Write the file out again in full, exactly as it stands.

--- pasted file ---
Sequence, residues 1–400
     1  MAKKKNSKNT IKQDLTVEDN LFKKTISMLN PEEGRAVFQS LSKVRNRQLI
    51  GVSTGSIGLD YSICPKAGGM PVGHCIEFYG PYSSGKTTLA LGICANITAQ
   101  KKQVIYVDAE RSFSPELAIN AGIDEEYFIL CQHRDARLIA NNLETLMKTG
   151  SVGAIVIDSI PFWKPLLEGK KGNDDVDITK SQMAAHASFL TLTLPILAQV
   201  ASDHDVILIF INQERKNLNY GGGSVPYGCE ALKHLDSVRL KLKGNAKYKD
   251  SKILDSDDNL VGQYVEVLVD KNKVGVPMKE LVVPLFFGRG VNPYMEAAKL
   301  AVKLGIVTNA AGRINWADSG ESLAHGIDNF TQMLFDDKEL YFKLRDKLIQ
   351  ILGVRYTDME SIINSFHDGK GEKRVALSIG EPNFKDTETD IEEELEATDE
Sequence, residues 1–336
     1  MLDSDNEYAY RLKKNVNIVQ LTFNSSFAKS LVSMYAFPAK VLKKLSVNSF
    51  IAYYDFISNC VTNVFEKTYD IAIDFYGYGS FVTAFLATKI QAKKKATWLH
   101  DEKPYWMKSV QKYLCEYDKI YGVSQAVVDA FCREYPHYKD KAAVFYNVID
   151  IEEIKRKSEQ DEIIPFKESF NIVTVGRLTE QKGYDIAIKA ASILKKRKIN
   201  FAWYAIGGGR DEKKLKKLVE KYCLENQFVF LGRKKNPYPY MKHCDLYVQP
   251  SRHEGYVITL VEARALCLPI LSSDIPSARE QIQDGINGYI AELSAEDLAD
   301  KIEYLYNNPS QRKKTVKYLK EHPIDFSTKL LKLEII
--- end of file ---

Sequence, residues 1–400
     1  MAKKKNSKNT IKQDLTVEDN LFKKTISMLN PEEGRAVFQS LSKVRNRQLI
    51  GVSTGSIGLD YSICPKAGGM PVGHCIEFYG PYSSGKTTLA LGICANITAQ
   101  KKQVIYVDAE RSFSPELAIN AGIDEEYFIL CQHRDARLIA NNLETLMKTG
   151  SVGAIVIDSI PFWKPLLEGK KGNDDVDITK SQMAAHASFL TLTLPILAQV
   201  ASDHDVILIF INQERKNLNY GGGSVPYGCE ALKHLDSVRL KLKGNAKYKD
   251  SKILDSDDNL VGQYVEVLVD KNKVGVPMKE LVVPLFFGRG VNPYMEAAKL
   301  AVKLGIVTNA AGRINWADSG ESLAHGIDNF TQMLFDDKEL YFKLRDKLIQ
   351  ILGVRYTDME SIINSFHDGK GEKRVALSIG EPNFKDTETD IEEELEATDE
Sequence, residues 1–336
     1  MLDSDNEYAY RLKKNVNIVQ LTFNSSFAKS LVSMYAFPAK VLKKLSVNSF
    51  IAYYDFISNC VTNVFEKTYD IAIDFYGYGS FVTAFLATKI QAKKKATWLH
   101  DEKPYWMKSV QKYLCEYDKI YGVSQAVVDA FCREYPHYKD KAAVFYNVID
   151  IEEIKRKSEQ DEIIPFKESF NIVTVGRLTE QKGYDIAIKA ASILKKRKIN
   201  FAWYAIGGGR DEKKLKKLVE KYCLENQFVF LGRKKNPYPY MKHCDLYVQP
   251  SRHEGYVITL VEARALCLPI LSSDIPSARE QIQDGINGYI AELSAEDLAD
   301  KIEYLYNNPS QRKKTVKYLK EHPIDFSTKL LKLEII